Before I say anything else, Bob Dylan–I’m sorry. It was just out there, and I’m powerless against a good allusion (or a corny one, really). I couldn’t help myself.
Anyhoo, seeing the lovely pictures of our TV room last week reminded me of a long-intended post not yet written, so in a TBT to a time when the world was a little greener and a pre-Thanksgiving tribute to the guy who does all the behind-the-scenes hard work I take credit for on this blog, I present to you a story of some doors, and the couple who hated them.
When we bought the house, the doors were cheap, ugly, had different finishes and, in some cases, had unknown things stuck to them.
They were so objectively bad that even the previous occupants, who condoned things like orange painted lattice on lime green walls, planned to replace them. We know this because the correct number of new doors was already in the house waiting to be hung, and we made sure they were included in the contract when we bought the place. This was good! But they were blanks, so they had no mortices for hinges or holes for a knob or lock, and the floors in our older home meant fitting the new doors could be tricky. This was bad. But, we were able to get several recommendations for contractors with experience in older homes from our neighborhood Facebook group. This was good! But, both contractors who came out gave us an estimate of $800-900 for the four doors. This was bad.
That is how it came to pass that the ugly doors hung in our home until late this summer. There are not too many instances in which watching television is productive to your life, but most of them involve one program: This Old House. In one episode, our dream-uncles Tom Silva and Roger Cook demonstrated how to fit and hang new doors in an older home. Like reality TV often does, this gave us the confidence to attempt something we had no other real reason to believe we could do. Well–that’s not entirely true. Justin is gifted in the realm of “figuring things out” and “making it work,” so I tend feel pretty at-peace when he tells me he’s going to DIY a certain project. I helped by painting the doors and otherwise staying out of the way.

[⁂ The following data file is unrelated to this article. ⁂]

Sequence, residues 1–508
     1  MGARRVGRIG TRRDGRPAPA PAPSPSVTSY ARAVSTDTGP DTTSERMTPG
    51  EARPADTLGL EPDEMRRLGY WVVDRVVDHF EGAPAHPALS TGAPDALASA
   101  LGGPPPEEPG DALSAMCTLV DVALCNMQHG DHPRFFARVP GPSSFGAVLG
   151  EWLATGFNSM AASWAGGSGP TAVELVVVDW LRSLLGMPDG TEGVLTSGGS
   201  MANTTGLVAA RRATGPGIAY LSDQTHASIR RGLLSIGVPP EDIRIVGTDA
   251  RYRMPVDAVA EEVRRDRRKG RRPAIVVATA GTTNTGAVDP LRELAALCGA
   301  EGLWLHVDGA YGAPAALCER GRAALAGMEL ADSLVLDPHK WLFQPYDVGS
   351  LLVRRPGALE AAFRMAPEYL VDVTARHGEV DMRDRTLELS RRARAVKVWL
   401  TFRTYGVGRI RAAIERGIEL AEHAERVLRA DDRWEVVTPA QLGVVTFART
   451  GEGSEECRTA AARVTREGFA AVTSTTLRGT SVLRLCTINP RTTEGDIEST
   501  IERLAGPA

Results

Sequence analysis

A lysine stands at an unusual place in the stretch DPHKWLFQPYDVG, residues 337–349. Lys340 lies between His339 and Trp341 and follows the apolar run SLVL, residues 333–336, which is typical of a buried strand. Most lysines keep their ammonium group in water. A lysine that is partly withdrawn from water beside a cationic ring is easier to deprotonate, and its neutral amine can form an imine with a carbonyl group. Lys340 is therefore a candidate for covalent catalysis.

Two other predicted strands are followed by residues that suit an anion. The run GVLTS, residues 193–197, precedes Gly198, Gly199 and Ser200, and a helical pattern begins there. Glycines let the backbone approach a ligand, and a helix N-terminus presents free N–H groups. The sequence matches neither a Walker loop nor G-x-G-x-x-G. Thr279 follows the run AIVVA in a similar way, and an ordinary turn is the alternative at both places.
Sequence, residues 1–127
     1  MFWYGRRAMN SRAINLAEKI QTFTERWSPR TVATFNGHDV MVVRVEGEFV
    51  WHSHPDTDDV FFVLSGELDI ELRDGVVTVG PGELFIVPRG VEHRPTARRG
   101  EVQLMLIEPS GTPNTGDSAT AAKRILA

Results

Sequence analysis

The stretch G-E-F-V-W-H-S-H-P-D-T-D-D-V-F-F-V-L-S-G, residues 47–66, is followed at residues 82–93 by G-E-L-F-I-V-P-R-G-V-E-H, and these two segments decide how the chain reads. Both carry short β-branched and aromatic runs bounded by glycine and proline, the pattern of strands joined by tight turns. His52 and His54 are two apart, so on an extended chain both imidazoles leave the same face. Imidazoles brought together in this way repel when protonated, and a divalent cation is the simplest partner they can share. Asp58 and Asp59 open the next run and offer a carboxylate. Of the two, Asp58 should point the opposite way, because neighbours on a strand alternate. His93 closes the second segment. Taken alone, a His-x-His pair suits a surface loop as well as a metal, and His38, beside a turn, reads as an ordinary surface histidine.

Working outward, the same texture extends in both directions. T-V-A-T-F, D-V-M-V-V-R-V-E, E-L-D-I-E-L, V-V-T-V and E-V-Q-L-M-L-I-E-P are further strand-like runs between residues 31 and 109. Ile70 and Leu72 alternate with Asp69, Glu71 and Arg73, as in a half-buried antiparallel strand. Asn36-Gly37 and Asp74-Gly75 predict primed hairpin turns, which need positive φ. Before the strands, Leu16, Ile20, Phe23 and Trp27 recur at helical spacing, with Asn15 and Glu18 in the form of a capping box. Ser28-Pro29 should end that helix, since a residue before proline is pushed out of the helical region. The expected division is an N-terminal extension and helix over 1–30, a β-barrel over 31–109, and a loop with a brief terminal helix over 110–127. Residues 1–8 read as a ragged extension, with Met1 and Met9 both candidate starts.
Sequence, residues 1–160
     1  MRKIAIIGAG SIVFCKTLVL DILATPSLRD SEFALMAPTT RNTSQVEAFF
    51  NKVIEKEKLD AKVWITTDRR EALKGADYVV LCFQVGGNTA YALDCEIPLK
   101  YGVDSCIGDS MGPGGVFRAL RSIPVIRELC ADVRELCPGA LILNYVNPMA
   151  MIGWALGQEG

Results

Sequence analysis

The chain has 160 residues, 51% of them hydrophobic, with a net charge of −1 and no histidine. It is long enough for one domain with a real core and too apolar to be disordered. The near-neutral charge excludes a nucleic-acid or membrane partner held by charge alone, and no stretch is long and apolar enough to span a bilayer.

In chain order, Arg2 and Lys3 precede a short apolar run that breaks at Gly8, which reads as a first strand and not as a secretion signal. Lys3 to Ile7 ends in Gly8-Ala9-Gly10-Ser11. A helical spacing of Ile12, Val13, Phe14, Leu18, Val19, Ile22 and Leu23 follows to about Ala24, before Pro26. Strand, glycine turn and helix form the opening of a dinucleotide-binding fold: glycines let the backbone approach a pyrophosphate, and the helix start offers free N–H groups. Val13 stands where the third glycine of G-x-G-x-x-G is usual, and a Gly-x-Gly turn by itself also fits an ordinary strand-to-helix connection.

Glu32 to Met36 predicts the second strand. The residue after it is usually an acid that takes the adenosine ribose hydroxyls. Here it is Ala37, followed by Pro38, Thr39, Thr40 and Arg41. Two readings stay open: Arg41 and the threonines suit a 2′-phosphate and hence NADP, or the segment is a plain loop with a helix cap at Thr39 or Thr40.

The multiple step process included:
- Measuring the new door against the old door.
Green grass, sun, fighting chihuahuas. Those were the days. (Sure, the chihuahuas still fight all the time, but it’s not as cute when you’re confined indoors with them.)
- Fine trimming the new door to size with a planer (after the rough cut).
- Patching the spots that had been chiseled out for old lock plates and/or hinges.
- Chiseling new mortices for hinges and lock plates.
- Making an inevitable mess along the way.
- Drilling holes for the knobs and locks.
- Priming and painting the doors. I even got a sunburn while doing it. Those were the days.
- Hanging the doors.
Result: Success! The new doors look great, and even after buying a few needed tools, we managed to keep about $700 in our pockets.